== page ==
Thursday, April 26, 2007


The retreat I anticipated at the beginning of this week has been fulfilled in ways that I couldn't possibly have imagined. The interior work of the Spirit has run deep...deeper than I've yet experienced. In fact, the Spirit has taken up rather obvious residence in the deepest recesses of my life, faith and ministry and begun to take the sheets of the furniture and raise the shades on the window. The dark and dusty depths are being exposed to the light. Even though these areas that have been covered over a long time are now revealed and I suppose I should feel a little vulnerable, instead I am rejoicing at this. With the light has come liberation.

This work can be centered around once concept...Surrender. This has been the theme for the day. In the morning I considered the nature of my striving and my struggles in faith and ministry. I considered how the need to prove myself, particularly in stressful and challenging times, and what becomes a sliding off in my spiritual practices demonstrates a fundamental lack of trust in God, in others and in myself. The word that kept coming up was "surrender." I came to terms with a truth that I have known and preached and was able to apply for the first time to my own deep need. The times that I am least inclined to surrender and most likely to hold things closely and go my own way are the times I most need to surrender.

This afternoon as we were considering spiritual practices of leadership and in particular spiritual practices in the area of conflict new insights were born. I've long struggled with and argued with myself about my own predisposition away from conflict. I had to come to terms with my own fundamental errors in regard to conflict in the church. There will never, ever (at least on this side of heaven) be a time when conflict will not exist in the church. Christ himself reminded us of this. There is no way whether by leadership acumen, force of will, depth of spirituality or force of personality that will stem this tide (I knew that, but I chose, instead, to believe a narcissitic fairytale). Into this came surrender. Suddenly a spiritual practices approach to conflict became a concrete way toward submission.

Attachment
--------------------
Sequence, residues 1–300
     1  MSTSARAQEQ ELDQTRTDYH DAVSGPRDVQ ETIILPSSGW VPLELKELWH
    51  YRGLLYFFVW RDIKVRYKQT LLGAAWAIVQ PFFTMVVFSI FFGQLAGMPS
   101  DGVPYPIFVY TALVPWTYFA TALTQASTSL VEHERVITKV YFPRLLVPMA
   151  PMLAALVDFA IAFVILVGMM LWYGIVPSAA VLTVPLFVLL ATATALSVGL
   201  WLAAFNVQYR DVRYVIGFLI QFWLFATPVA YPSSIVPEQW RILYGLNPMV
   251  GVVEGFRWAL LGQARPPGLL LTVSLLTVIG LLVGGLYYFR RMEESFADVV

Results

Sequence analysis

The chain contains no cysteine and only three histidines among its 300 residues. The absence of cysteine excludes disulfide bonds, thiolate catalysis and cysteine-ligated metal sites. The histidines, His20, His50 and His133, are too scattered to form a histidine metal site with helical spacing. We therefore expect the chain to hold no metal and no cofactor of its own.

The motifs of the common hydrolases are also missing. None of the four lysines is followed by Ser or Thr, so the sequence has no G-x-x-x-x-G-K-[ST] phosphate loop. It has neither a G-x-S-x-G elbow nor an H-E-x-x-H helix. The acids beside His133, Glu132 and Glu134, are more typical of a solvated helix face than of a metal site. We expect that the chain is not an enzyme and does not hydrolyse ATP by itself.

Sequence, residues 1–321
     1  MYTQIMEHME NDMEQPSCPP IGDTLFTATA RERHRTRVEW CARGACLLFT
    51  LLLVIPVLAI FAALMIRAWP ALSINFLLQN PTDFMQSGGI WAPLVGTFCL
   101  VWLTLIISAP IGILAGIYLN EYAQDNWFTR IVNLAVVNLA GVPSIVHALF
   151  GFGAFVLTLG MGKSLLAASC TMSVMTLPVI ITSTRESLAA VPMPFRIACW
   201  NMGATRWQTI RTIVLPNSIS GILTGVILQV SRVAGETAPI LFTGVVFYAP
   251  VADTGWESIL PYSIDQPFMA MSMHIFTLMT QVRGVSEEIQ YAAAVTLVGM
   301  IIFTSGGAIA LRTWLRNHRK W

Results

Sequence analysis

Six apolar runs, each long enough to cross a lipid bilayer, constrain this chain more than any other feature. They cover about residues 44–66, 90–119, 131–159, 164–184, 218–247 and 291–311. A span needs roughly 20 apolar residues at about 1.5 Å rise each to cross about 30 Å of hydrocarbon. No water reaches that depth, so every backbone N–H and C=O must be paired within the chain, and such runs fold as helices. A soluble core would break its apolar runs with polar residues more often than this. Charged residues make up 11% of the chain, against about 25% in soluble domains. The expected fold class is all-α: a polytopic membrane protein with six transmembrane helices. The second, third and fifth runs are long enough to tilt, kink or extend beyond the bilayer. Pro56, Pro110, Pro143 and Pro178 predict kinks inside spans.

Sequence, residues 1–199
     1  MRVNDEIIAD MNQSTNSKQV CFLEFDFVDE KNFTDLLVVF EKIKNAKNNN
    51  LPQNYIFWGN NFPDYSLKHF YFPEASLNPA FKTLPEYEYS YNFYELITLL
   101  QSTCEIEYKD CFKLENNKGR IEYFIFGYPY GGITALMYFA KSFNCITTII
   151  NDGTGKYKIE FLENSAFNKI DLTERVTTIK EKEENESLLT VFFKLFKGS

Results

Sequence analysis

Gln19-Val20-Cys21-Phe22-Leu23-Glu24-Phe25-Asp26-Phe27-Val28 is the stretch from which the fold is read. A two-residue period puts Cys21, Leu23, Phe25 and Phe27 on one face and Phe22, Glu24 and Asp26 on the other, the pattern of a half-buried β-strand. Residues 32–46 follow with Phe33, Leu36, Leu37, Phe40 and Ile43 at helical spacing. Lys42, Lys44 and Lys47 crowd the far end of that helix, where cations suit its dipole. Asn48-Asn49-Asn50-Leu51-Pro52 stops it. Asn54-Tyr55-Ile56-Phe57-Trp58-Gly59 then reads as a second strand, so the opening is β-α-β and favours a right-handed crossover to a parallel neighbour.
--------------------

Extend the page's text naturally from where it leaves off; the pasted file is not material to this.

I continued my walk, praying my breath prayer "Shepherd of the Flock--show me Your way." I reflected on the vision that God was springing forth in my life and I continued to reflect on surrender. As I walked and communed with the very obvious presence of the Holy Spirit, the weight of surrender began to grow. With each step, surrender and the thought of it became more and more a burden.

At that moment the most amazing transformation took place. I began to recall the joy, the exuberance and the sense of liberation that flowed out of the healing and release that I had experienced yesterday. It struck me in that moment that surrender was not a burden to carry. It is laying down the burden of feeling that I need to be the focal point of ministry, that I needed to be the catalyst for change and that the success and failure of the church was not dependent on wholly on ME!! (I already new this, too; I just wasn't sure I believed it). That was the burden that I needed to lay at the feet of Christ. That is what has been tripping me on my journey. That is the burden that I am called to lay down. That is what I must surrender. This surrender is what will enable me to take the next steps where Christ will lead me.

Shepherd of the Flock--Show me Your way.

Wednesday, April 25, 2007

Escape or Retreat